The talk of the Major League Baseball offseason was the New York Yankees acquiring last year's National League MVP and home run king Giancarlo Stanton.
The talk was how lethal the Bronx Bombers would be with the 6-foot-6 Stanton and 6-foot-7 Aaron Judge in the same lineup and the same outfield. The twin towers finished first and second in home runs last season, so the expectations were naturally and justifiably high.
Judge has a .289 average with seven RBIs through 10 games, but he only has two homers and has struck out 13 times. Meanwhile, Stanton has gotten off to a historically bad start after launching two dingers in the season opener. He has three total home runs and seven RBIs thus far, while striking out 20 times in 42 at bats.
Stanton got booed off the field after striking out five times in his first appearance at Yankee Stadium and now national pundits are already talking about whether the Miami Marlins were going to win the Stanton trade.
It's pure madness. It has been a brutal, cold spring and more importantly, there are 152 games to play.
During the first 10 games of Alex Rodriguez's career with the Yankees in 2004, he had the same average as Stanton (.167), with just one home run and three RBIs. He would go on to hit .289 with 36 homers and drove in 106 runs. The following year he won the AL MVP. Albert Pujols didn't send one over the fence until the 28th game with Los Angeles Angels after signing a gigantic contract in the offseason. Pujols ended up hitting 30 that year, with 105 RBIs.
In the social media age where opinions can be voiced at the touch of a button and content needs to be provided 24/7, we simply rush to judgments far too quickly.
Think of how quickly the NFL playoff race changes from Week 4 to the end of the season. The New England Patriots started the season 2-2, while Tom Brady had six touchdowns, four interceptions and completed 59 percent of his passes. Eventually the Patriots went to the Super Bowl, Brady completed 66 percent of his passes for the season, while throwing 32 touchdown passes and just eight interceptions. That's in a 16-game season.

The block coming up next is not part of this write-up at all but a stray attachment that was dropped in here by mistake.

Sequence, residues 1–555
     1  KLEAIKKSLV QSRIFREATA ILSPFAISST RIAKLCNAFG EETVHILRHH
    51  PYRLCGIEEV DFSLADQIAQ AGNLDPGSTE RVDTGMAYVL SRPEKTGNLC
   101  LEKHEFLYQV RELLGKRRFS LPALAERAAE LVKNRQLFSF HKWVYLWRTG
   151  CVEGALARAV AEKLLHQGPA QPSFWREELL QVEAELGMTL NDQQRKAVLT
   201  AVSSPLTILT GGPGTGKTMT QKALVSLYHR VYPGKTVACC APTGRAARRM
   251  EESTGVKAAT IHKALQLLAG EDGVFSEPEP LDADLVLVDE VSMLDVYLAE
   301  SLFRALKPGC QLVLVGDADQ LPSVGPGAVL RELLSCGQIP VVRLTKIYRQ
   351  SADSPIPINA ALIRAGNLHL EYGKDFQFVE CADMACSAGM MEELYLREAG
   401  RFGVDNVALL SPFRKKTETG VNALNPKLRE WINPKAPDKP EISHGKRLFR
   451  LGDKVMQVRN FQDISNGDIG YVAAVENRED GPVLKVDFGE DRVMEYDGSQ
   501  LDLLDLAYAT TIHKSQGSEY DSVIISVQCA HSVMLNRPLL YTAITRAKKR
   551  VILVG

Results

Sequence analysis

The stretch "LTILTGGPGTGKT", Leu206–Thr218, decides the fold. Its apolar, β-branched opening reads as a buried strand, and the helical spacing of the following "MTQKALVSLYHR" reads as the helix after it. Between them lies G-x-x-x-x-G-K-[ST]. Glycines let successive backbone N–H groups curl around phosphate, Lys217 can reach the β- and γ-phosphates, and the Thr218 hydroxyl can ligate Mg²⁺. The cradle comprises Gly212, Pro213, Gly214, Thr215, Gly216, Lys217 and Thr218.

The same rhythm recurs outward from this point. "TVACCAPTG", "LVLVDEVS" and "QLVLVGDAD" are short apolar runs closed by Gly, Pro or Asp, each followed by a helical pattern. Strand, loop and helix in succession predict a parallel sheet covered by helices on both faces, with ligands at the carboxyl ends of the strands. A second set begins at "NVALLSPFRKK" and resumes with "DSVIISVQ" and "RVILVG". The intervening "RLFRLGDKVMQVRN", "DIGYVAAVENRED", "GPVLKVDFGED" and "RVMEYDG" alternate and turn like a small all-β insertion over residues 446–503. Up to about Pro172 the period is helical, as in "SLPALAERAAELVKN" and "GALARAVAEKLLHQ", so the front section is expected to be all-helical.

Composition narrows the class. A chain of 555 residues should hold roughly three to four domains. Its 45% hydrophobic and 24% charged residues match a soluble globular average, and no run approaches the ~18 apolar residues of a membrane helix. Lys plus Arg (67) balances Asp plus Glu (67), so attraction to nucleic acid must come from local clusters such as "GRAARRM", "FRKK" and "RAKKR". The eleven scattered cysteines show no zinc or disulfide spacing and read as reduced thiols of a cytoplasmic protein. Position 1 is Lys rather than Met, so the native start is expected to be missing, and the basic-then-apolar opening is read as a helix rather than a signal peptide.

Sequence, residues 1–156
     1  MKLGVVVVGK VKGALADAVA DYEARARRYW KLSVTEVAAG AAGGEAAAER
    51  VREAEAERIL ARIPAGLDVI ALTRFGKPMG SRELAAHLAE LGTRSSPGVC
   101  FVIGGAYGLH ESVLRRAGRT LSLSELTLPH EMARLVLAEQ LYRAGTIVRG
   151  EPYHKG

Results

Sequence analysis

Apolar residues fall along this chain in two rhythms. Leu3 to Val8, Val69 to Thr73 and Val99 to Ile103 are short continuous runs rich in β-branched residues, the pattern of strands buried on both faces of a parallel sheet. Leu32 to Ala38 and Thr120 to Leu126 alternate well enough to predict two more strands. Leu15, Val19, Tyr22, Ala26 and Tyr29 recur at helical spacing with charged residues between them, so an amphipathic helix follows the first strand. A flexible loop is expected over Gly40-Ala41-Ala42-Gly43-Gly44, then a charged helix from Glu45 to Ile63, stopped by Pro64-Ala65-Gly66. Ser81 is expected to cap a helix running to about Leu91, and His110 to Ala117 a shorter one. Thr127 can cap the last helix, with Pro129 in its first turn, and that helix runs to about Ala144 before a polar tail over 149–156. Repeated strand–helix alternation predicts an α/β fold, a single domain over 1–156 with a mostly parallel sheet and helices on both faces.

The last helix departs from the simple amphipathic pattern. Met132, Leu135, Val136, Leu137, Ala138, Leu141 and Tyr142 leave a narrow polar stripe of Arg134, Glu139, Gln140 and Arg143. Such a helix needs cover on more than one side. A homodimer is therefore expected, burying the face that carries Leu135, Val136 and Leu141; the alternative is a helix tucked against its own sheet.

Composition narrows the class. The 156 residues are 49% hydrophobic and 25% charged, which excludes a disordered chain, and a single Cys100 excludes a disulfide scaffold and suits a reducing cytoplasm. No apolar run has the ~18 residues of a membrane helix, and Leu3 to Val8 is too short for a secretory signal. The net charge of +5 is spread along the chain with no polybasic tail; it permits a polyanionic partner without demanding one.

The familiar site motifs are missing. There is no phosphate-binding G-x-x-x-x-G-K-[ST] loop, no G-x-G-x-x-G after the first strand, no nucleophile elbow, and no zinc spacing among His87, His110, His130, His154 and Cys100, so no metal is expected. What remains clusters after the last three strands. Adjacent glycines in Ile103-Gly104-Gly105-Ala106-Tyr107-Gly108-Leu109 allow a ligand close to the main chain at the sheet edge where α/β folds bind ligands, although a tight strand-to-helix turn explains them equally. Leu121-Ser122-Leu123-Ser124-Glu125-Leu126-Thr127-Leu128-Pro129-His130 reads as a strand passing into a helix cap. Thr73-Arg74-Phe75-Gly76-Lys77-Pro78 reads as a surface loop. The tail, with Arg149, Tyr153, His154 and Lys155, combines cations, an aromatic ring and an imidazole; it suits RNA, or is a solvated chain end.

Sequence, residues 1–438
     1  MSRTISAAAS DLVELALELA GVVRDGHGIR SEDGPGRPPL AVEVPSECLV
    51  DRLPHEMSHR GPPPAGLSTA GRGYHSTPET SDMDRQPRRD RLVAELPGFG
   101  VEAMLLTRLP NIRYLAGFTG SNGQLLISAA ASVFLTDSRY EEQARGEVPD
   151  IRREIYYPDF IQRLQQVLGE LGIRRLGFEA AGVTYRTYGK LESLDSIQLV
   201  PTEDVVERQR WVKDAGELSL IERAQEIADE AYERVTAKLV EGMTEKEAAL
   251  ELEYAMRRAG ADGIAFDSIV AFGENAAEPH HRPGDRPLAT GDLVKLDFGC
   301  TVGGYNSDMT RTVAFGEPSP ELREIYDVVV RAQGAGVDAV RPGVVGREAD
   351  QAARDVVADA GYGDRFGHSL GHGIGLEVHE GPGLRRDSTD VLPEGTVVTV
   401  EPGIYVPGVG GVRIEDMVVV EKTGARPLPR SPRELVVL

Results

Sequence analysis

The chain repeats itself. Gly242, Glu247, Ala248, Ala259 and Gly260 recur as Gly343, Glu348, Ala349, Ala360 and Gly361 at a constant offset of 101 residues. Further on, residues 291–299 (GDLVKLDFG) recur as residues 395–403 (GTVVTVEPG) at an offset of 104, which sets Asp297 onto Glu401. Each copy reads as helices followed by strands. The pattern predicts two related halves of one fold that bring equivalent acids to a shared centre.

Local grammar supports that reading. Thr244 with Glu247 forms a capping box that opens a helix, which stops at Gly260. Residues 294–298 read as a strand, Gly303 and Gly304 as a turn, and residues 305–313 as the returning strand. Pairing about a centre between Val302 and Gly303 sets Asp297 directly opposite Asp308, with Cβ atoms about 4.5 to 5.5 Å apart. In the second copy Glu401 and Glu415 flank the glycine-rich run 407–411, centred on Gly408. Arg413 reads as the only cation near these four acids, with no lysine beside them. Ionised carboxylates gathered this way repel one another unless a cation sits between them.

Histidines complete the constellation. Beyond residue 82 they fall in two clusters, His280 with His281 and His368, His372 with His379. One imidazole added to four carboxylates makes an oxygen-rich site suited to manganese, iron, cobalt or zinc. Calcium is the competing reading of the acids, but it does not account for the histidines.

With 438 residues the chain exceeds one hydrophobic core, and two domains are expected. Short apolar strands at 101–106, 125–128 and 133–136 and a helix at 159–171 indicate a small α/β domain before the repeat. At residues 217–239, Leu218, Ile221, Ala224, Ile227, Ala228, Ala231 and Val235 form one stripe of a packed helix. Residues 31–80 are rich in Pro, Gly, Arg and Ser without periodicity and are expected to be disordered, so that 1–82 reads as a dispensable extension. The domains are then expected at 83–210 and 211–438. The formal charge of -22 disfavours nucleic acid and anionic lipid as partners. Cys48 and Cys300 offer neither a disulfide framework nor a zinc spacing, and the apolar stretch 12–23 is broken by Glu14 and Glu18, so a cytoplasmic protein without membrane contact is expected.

The Utah Jazz were 19-28 on Jan. 22 and just clinched the No. 4 seed in the Western Conference after going 28-5 since then. That's in a 82-game season.
MLB plays 162. Perhaps Stanton won't duplicate his 59-homer season from 2017, but he still has plenty of time to turn it around, reach his career average of .267 and hit 35 home runs.
It's not as if Stanton hasn't made an impact either. Shortstop Didi Gregorius has flourished hitting behind Stanton, averaging .375 with three home runs, 10 RBIs and an on-base percentage of .524.
It's a pipe dream, but for once, I'd like to see a season reach the midway point before making a judgment on a player or team.
If Stanton is still struggling at the all-star break, then perhaps it's time for Yankees fans to be concerned.
The same goes for Milwaukee Brewers fans after the team dropped five of its last seven since sweeping the Padres in San Diego to start the season.
Save for a few exceptions, most of the MLB is hovering around .500 at the moment. The season cannot be defined in 10 games.
Best things I saw this week:
- University of Minnesota-Duluth captured its second NCAA Division I hockey championship on Saturday after defeating Notre Dame, 2-1, in St. Paul, Minn.
Men's and women's hockey are the only sport in which Bulldogs are Division I, competing at the D-II level in every other sport.
While mid-majors struggle in football and basketball to compete with top programs in the country, the fact that hockey is a niche sport allows for team such as UMD to compete at the highest level.
A team that would be considered a mid-major or not even DI in some cases has won the national title in hockey seven times in the last 10 years, with UMD winning two, Yale, North Dakota, Denver and Union College, which is a D-III school in other sports, all winning titles.
- The Vegas Golden Knights finished its first regular season in the NHL with 109 points, good enough for fifth in the league. The 51 wins posted by the Knights was not only fourth-best in the NHL, but it marked an unprecedented level of success for an expansion franchise in its first season in professional sports.
- While Stanton isn't living up to his billing quite yet, Japanese rookie sensation Shohei Ohtani is for the Angels. Ohtani - a two-way player - is hitting .389 with three home runs and seven RBIs at the plate, while going 2-0 in his first two starts on the mound, striking out 18 and only allowing three earned runs in 13 innings of work.
If Ohtani can continue his success at the plate and on the mound, it could open doors for more pitchers to hit on off days.
Nick Sabato may be reached at firstname.lastname@example.org or via Twitter @NickSabatoLT.